A trial is conducted in a box.
Literally and figuratively.
The literal box is the windowless room in a government building in which the trial is conducted.
The figurative box is drawn by the judge, who admonishes jurors that they are only to consider the evidence admitted inside the courtroom and shall not conduct research or consider information beyond the evidence admitted in the trial.
Okay, when these rules were framed, to research a party in the case, a juror would need to travel to a good library, search through index cards, talk to a research librarian and wander the shelves to pull information not received in the trial. read more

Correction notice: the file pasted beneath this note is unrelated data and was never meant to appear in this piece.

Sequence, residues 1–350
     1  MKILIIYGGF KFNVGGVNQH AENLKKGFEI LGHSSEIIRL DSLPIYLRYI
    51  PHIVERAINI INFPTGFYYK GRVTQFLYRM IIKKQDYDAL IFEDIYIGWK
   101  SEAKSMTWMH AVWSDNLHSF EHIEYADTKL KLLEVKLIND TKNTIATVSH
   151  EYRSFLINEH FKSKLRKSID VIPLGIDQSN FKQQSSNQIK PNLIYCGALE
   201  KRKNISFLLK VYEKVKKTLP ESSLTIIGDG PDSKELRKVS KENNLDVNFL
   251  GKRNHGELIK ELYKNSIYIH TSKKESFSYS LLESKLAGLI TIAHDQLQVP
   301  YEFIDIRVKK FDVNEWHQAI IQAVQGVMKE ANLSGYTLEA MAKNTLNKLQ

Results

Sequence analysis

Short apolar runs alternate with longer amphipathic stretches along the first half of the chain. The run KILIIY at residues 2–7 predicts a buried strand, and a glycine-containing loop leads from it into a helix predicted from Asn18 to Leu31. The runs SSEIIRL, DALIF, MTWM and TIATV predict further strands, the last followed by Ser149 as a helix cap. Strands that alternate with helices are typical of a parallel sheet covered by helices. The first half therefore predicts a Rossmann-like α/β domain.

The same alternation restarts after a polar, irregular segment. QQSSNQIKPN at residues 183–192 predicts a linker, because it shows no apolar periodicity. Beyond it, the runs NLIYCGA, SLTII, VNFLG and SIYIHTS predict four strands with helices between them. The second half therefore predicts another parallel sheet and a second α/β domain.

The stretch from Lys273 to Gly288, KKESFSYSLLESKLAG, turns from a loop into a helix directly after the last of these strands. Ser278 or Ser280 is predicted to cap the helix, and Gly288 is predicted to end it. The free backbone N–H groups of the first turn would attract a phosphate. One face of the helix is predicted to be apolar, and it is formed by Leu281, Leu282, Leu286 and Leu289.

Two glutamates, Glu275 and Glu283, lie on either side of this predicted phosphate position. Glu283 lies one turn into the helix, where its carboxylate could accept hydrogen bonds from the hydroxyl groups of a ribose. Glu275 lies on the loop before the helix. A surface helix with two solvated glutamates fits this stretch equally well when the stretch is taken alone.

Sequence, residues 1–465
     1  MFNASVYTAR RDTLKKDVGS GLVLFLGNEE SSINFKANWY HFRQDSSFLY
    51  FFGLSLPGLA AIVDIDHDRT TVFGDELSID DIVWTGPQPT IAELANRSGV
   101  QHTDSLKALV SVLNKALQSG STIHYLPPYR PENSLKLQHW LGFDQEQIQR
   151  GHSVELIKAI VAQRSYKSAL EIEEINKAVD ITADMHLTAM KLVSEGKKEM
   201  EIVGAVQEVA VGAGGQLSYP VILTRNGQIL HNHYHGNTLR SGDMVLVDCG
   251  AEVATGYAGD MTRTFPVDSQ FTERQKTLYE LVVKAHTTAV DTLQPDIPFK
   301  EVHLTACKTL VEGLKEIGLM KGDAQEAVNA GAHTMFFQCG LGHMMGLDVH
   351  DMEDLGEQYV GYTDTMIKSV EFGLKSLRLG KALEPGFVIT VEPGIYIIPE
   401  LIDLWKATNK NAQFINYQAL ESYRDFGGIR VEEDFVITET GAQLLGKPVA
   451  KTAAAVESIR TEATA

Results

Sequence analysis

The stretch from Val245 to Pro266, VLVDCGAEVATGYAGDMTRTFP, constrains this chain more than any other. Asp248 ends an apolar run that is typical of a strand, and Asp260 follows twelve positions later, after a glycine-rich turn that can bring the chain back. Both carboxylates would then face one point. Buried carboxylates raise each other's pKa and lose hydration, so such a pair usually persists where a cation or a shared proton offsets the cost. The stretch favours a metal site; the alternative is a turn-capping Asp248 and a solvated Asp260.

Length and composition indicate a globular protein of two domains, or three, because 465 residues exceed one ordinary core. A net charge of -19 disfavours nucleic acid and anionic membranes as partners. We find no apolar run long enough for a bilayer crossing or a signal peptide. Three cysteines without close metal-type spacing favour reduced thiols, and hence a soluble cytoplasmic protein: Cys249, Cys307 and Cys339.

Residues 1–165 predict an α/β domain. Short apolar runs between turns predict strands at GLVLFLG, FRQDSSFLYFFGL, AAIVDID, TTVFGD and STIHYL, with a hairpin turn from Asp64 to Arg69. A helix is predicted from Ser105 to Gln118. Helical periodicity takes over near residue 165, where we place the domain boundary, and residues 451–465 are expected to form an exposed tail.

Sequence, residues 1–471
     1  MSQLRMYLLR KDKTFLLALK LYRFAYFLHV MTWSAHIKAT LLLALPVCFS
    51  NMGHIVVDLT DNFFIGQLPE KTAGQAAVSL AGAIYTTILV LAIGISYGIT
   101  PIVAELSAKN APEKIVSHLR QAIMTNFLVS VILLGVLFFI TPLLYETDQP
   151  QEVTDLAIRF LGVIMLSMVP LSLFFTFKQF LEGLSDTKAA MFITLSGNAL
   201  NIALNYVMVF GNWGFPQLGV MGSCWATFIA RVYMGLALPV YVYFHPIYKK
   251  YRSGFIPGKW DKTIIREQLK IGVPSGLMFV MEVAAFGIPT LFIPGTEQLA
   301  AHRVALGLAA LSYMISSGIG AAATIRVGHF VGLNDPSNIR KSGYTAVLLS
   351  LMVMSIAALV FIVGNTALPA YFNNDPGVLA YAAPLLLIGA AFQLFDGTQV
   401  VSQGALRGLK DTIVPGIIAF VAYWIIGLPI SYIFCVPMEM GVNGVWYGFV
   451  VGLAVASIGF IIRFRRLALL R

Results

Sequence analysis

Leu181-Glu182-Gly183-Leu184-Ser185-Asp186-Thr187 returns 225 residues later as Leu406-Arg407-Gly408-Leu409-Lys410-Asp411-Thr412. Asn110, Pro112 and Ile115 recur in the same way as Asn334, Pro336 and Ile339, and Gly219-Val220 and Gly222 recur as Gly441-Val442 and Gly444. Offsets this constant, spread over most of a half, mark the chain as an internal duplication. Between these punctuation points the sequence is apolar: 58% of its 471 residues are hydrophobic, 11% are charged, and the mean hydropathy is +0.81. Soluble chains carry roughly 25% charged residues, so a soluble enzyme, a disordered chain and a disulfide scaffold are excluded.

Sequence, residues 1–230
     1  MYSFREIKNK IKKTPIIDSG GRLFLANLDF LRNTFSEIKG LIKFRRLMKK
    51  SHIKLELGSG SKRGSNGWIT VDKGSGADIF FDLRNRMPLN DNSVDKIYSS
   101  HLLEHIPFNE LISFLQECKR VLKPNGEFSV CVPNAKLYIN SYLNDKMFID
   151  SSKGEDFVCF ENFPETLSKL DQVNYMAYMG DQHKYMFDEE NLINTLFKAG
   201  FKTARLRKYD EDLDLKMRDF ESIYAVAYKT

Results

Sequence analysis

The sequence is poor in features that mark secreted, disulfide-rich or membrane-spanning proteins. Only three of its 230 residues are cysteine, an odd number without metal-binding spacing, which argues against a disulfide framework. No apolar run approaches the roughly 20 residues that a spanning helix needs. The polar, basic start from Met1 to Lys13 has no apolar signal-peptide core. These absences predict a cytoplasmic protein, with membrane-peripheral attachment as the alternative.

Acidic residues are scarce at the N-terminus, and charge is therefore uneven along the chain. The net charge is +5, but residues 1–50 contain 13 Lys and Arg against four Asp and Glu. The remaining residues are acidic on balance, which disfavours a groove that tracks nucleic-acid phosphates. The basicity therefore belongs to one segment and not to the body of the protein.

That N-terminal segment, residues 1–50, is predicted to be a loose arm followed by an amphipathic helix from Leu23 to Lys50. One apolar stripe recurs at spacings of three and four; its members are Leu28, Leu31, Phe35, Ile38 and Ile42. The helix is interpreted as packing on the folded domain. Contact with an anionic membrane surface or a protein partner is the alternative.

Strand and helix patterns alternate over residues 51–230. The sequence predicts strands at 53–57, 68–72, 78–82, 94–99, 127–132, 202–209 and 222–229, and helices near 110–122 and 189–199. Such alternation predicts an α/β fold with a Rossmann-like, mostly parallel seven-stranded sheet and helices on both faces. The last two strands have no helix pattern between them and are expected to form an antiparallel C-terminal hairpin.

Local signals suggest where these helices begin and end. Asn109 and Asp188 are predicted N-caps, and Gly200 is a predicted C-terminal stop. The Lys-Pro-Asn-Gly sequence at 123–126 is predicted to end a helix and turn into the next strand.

Six years ago, I wrote about how facility with electronic discovery allows small litigation firms to have David v. Goliath results against large firms. https://www.spillaneplc.com/advances-in-e-discovery-allow-smaller-firms-to-successfully-litigate-cases-once-only-handled-by-their-larger-counterparts/ In 2021, if you or your team have not mastered discovery of electronically stored information (“ESI”), you are not in the game.
Here are some tips for bringing your electronic discovery skills up to date.
- Consult with your technologist on production demands. Parties may specify the way they want ESI produced. Cal. Civ. Proc. Code § 2031.030(a)(2); FRCP Rule 34(b)(1)(C). Share your draft production requests with your technologist, or better yet, have a stock paragraph in your form file.